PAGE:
The Africa Mini-grid Developers Association (AMDA) is currently working on developing clever financing mechanisms and determining best policies in countries such as Nigeria as well as others in sub-Saharan Africa.
AMDA was launched in April this year, with one of the points on its agenda being the development of a Results Based Financing (RBF) fund to help mini grids gain scale, in cooperation with donors, governments and other stakeholders. Jessica Stephens, global coordinator of the association, says that the African Development Bank (AfDB) is currently developing a continent-wide RBF facility that is based on the principles that AMDA outlined in its SMART RBF policy paper.
AMDA has also set up a chapter in Nigeria which will be launched officially in the coming months, Jessica Stephens confirmed. This adds to Kenya and Tanzania, where AMDA started in April with 11 member developers, among which French utility Engie SA. “We are currently in discussions with developers across an additional 8 countries and expect to open the association up for more membership in the next 4-6 weeks. We expect to represent 30 developers across 8-10 countries by the end of 2018,” said Stephens.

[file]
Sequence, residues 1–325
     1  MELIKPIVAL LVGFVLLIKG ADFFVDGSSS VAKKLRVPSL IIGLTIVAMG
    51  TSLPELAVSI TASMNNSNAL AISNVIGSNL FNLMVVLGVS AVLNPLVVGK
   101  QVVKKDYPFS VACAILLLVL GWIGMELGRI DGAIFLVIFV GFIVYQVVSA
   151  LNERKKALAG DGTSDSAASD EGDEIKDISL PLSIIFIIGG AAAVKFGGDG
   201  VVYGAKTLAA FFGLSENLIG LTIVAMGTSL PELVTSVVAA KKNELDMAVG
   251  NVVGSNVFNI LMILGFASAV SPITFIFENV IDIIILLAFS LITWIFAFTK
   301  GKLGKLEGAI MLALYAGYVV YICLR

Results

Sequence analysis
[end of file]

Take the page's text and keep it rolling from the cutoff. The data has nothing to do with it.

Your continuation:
In Nigeria, the government wants to reach 30 GW of generating capacity by 2030 with 30%, or 10 GW, coming from renewables. Total of 5.3 GW of these 10 GW are planned to come from mini-grids, which, AMDA says, creates a strong mandate for the sector. To support the government’s targets the World Bank is providing USD 350 million to energy projects in Nigeria, of which USD 150 million should go to mini-grids.